‘Grossly irresponsible’ surveillance regime expected to face EU court challenge

'Grossly irresponsible' surveillance regime expected to face EU court challenge

Dr TJ McIntyre

Ireland’s new mass surveillance regime is “certain” to be challenged in the European courts, a leading digital rights expert has said after the government confirmed it has obtained a High Court order requiring telecom providers to retain data for the next 12 months.

The Communications (Retention of Data) (Amendment) Act 2022 — drawn up in response to the ruling of the Court of Justice of the European Union (CJEU) in the Graham Dwyer case — and related regulations came into operation on Monday.

Yesterday evening, justice minister Helen McEntee confirmed that the government had obtained a High Court order under the Act requiring telecommunications service providers to retain certain data — including user, traffic and location data — for a period of 12 months for the purpose of safeguarding the security of the State.

Under section 3A of the Act, the general and indiscriminate retention of data is permissible to safeguard the security of the State, and where an order of a designated judge of the High Court has been made. Access to retained data is subject to judicial authorisation.

The application, as required by section 3A(3), was made on an ex parte basis and was heard in camera.

Mrs McEntee said: “I made an application for an order having assessed the threat to the security of the State and having satisfied myself that there exists a serious and genuine, present or foreseeable threat to the security of the State and that such threat is likely to continue for at least the next 12 months.

“In doing so I had regard to the necessity and proportionality of the retention of the data concerned and took account of the impact on the fundamental rights of individuals as required.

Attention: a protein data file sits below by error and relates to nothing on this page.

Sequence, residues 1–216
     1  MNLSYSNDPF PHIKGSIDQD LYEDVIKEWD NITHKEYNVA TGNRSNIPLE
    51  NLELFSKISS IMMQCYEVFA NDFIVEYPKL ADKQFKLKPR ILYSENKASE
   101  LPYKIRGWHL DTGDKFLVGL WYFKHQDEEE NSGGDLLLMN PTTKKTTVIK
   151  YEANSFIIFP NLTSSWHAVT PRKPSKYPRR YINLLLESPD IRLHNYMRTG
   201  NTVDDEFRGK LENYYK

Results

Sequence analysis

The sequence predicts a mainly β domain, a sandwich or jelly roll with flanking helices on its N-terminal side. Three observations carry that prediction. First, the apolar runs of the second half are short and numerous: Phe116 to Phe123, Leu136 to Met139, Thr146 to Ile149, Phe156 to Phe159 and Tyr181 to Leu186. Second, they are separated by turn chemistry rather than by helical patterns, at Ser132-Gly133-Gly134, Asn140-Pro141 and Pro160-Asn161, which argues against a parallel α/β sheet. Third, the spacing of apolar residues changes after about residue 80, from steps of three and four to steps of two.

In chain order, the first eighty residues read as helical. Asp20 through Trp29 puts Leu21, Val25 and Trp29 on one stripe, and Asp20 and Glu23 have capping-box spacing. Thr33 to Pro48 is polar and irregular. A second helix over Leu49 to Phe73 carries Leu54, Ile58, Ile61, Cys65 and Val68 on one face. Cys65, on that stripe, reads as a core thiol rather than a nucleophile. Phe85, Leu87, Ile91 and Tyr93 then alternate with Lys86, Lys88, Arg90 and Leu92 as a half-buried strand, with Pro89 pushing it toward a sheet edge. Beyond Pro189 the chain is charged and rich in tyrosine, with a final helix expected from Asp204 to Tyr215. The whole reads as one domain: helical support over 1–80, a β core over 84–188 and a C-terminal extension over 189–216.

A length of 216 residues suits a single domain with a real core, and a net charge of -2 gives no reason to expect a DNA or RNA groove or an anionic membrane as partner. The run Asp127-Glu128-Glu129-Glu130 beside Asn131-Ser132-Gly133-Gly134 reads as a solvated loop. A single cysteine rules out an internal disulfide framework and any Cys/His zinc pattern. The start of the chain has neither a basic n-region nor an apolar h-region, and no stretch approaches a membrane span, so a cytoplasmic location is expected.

“The 2022 Act was developed in light of important European Court of Justice rulings in this area and the provisions under which I applied for this order reflects the case law of that court.”

However, Dr TJ McIntyre, an associate professor at UCD Sutherland School of Law and chair of Digital Rights Ireland, told Irish Legal News that the government’s failure to properly notify the European Commission during the legislative process represents a “fatal flaw” in the 2022 Act.

“The 2022 Act has to be treated as of no legal value,” he said. “You can’t have a measure that’s supposed to authorise mass surveillance of the entire population, and be the basis for criminal investigations and prosecutions for years to come, where its foundation is so uncertain. It’s grossly irresponsible to do that.

“The 2022 Act needs to be repealed and proper legislation put in place that actually complies with the law.”

He pointed out: “The Supreme Court and the CJEU have confirmed that the past 20 years of data protection practice in Ireland have been illegal and have been contrary to fundamental rights, and it’s striking that the Department of Justice hasn’t acknowledged this or apologised for it in any way.”

Dr McIntyre also warned of a “lack of transparency in this whole procedure”, noting that the government’s decision to seek a High Court order was made “behind closed doors, without any consultation with the data protection commissioner, with civil society, or with the industry” and with no detail on the supposed national security threat.

“It seems astonishing to me that you can turn up in the High Court on a Monday morning with some unknown bundle of papers and leave the High Court later that day with an order for mass surveillance of the entire population,” he said.

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